http://www.eoss.org/onlinepubs/turnaround/turn_around_winds.htm

          You will see some graphs for various latitudes in the northern hemisphere.

          The full data for "Mean Zonal Winds" is linked at the bottom of the page so
          you can generate this info for yourself at any latitude.

          73 - Rick, N0KKZ


          > -----Original Message-----
          > From: GPSL@yahoogroups.com [mailto:GPSL@yahoogroups.com] On Behalf Of
          > excitontx
          > Sent: Wednesday, March 20, 2013 5:58 PM
          > To: GPSL@yahoogroups.com
          > Subject: [GPSL] When will the winds change?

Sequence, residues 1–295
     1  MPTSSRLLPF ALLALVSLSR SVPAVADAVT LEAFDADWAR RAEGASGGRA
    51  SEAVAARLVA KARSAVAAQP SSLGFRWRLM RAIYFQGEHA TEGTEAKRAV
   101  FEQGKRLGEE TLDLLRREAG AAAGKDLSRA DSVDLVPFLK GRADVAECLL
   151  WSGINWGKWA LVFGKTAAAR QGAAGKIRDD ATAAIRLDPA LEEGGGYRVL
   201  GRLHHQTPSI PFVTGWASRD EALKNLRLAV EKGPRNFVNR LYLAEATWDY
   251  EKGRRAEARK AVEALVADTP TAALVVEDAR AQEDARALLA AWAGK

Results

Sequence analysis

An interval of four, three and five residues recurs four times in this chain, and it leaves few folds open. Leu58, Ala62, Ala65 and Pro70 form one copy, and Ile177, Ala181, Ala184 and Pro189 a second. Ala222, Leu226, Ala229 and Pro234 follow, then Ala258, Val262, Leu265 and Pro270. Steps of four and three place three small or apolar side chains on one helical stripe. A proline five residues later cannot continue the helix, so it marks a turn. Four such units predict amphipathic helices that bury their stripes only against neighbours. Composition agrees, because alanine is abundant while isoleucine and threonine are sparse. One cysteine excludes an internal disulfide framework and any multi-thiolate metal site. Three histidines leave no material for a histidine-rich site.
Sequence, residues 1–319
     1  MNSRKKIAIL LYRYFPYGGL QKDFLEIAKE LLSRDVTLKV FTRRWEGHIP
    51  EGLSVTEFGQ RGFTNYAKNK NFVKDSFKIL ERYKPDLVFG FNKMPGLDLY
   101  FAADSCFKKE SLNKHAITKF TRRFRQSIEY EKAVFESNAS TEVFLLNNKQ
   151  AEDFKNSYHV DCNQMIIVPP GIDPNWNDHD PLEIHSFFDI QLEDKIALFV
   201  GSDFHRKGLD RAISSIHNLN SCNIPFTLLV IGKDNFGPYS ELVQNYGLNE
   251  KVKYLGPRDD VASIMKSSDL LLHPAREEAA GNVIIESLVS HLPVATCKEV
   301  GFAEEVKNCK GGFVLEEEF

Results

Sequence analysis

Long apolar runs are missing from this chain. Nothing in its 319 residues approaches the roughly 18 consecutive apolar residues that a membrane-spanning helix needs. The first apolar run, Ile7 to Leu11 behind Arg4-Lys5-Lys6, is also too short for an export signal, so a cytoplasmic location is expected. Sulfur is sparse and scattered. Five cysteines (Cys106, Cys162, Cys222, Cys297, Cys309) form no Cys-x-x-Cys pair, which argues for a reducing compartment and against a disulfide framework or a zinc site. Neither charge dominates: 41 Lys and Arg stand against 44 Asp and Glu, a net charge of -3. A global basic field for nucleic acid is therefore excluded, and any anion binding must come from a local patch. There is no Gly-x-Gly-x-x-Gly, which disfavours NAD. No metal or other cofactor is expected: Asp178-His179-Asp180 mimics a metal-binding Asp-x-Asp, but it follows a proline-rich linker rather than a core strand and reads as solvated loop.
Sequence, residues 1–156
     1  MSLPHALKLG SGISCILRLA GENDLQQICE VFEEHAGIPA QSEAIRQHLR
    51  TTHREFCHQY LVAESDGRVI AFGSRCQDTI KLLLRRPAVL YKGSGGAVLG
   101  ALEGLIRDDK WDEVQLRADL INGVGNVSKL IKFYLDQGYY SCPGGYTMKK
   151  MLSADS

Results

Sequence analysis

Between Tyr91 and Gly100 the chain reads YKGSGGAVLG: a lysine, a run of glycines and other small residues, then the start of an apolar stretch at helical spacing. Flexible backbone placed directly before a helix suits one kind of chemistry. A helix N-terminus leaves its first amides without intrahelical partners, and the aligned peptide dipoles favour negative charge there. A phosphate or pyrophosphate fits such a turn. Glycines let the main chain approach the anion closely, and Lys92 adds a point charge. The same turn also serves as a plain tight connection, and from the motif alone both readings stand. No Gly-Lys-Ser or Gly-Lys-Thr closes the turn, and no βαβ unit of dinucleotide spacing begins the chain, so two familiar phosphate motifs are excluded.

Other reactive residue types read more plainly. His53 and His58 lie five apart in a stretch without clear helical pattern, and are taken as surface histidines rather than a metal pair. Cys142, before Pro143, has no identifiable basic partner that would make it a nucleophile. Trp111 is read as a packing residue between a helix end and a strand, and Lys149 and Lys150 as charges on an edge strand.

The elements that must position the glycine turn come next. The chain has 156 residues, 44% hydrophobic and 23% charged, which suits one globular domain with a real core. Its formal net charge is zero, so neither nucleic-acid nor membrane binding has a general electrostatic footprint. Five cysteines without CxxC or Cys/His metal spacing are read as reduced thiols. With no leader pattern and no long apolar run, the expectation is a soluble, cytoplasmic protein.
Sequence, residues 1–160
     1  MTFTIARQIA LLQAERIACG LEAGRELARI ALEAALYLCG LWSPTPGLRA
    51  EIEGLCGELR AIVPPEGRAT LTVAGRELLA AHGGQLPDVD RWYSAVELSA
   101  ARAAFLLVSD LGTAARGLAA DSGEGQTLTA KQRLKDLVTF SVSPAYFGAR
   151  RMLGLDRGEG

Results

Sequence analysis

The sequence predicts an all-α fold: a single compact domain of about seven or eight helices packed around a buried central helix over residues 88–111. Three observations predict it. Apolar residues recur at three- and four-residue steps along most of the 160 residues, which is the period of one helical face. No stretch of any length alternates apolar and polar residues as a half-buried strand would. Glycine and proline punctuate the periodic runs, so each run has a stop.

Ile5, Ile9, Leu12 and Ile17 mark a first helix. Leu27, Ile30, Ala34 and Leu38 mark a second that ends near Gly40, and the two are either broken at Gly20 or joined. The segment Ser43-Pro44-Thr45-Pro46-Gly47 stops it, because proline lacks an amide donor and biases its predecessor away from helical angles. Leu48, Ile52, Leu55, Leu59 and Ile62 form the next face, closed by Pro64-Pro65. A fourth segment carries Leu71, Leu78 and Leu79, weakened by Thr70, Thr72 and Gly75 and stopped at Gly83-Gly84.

>
          > Hey weather-guys...
          >
          > In the winter, the jetstreams all collaborate in sending our balloons on
          long
          > treks eastward.  During the summer, each altitude does their own thing and
          the
          > flights can end up close to where they started.  Has anybody kept track of
          how
          > and when this transition occurs?  March? April? (can you tell I'm
          anxious?).  Is it
          > a fast transition, or does it occur over several weeks?
          >
          > Best,
          > Chuck / KG5CA
          > I
          > t was one of those March days when the sun shines hot and the wind blows
          > cold: when it is summer in the light, and winter in the shade.
          > Charles Dickens
          >
          >
          >
          > ------------------------------------
          >
          > Yahoo! Groups Links
          >
          >
          >